Among the users of the Amplion platform is NanoCellect, a San Diego-based provider of microfluidic flow cytometry technologies who was seeking a better way to find and qualify leads. “We can describe the type of group that we would like to target, but actually finding the right name and contact that is relevant for somebody that would be interested in our product and to initiate that conversation is very challenging,” said Paul DiGregorio, NanoCellect’s VP Commercial. (listen to full interview in this video)

“We’re now setting records in terms of our monthly lead generation activities. We have clearly been able to demonstrate that the investment in the Amplion tool for our inside sales organization has been a positive, successful investment for us and will be part of our long-term strategy,” he added.

“Science and Medicine Group’s customers now have access to a purpose-built, machine learning platform for life science commercial teams, while Amplion’s customers are assured of continued support and long-term investment from a well-established company to further enhance the platform’s capabilities,” said Ed Burnham, who is the Head of Market Research & Analytics and is leading the Amplion business at SMG. “This is another step forward in our growth strategy of integrating existing and new data sources to create new intelligence-enabled products and services and building bridges between all of SMG’s brands to unlock significant value for our customers.”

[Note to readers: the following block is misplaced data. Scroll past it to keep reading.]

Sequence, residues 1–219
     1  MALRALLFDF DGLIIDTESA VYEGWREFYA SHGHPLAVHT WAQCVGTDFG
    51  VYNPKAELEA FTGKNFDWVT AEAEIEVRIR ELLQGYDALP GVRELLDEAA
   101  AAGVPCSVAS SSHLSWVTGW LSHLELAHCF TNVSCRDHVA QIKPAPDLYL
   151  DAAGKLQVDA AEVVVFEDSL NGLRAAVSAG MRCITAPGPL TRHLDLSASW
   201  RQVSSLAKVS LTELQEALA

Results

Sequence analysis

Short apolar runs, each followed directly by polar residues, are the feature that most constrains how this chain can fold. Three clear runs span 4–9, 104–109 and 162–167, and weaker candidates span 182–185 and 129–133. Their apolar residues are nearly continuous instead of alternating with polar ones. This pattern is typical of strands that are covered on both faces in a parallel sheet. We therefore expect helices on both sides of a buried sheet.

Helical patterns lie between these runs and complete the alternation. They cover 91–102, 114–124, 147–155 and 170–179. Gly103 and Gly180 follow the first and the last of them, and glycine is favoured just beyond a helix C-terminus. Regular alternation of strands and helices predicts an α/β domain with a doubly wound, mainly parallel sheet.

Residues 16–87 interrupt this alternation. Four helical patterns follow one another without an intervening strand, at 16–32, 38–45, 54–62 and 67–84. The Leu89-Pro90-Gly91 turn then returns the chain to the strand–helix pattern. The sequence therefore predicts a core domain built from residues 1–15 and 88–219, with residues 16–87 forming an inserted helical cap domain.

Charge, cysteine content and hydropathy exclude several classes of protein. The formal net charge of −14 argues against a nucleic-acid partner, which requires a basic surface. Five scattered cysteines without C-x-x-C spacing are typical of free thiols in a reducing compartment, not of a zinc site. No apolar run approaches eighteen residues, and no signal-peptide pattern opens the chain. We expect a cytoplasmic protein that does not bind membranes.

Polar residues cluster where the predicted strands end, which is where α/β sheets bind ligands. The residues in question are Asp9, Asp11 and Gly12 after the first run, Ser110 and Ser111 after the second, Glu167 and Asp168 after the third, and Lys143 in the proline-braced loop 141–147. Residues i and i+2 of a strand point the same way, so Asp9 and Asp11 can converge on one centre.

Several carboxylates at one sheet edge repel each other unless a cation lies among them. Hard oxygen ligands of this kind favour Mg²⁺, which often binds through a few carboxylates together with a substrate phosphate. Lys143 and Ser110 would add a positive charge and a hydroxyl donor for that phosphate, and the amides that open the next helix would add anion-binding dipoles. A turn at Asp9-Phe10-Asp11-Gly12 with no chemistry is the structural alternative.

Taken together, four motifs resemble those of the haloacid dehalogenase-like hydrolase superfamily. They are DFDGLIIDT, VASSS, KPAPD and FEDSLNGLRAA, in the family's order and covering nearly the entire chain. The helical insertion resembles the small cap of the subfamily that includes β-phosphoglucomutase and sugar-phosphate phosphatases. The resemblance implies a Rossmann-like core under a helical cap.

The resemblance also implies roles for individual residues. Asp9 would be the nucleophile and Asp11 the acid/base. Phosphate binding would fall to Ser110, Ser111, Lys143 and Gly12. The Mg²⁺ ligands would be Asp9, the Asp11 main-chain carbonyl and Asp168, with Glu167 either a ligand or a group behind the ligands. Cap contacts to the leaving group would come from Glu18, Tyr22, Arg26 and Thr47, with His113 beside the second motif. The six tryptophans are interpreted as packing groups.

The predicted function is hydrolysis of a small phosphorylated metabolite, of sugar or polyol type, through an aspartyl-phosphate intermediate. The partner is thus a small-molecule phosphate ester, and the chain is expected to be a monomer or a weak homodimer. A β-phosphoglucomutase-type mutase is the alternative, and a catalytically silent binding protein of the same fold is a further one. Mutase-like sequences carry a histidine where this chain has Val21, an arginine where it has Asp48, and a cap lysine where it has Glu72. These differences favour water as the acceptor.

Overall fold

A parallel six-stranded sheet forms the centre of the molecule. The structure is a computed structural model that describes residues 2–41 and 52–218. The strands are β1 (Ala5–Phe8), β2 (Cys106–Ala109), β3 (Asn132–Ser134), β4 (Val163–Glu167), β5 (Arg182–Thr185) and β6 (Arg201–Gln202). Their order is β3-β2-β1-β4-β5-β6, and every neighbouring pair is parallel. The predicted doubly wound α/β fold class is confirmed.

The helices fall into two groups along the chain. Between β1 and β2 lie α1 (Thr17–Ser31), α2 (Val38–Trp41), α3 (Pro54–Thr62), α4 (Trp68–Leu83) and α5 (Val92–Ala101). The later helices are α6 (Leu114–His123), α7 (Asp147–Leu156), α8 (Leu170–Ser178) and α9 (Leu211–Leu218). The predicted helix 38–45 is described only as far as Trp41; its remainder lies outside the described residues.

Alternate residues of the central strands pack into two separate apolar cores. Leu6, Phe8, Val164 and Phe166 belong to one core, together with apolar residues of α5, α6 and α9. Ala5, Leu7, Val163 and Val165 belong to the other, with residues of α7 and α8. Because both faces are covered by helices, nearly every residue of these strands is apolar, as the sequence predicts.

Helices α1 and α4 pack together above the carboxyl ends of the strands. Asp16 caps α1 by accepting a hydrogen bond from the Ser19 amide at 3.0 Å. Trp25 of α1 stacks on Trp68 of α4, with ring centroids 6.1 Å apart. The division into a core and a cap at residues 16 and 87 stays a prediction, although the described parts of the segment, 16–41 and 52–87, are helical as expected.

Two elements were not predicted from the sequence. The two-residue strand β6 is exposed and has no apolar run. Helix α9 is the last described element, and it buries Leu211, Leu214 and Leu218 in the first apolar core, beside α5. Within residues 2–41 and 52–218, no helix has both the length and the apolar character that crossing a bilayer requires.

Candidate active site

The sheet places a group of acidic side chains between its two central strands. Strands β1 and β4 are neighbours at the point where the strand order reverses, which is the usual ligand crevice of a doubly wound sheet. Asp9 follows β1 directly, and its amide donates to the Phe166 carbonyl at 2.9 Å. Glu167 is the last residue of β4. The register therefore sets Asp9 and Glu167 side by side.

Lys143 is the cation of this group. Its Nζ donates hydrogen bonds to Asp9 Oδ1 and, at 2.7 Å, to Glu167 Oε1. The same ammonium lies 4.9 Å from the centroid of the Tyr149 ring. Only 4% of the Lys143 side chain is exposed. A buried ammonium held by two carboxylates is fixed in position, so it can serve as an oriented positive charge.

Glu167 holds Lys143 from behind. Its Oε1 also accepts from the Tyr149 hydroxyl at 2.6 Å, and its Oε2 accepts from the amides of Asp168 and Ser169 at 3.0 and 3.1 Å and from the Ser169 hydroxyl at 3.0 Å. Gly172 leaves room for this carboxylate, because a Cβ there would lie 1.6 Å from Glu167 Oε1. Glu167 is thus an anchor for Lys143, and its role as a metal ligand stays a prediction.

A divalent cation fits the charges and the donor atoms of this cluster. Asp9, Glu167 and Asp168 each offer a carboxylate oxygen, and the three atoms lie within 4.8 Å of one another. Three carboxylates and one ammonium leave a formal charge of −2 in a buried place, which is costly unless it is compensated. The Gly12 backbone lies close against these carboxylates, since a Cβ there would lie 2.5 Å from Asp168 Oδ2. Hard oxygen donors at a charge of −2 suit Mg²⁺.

To read more about Amplion’s capabilities to support sales, marketing and business development in the commercial life sciences industry, go to

About Science and Medicine Group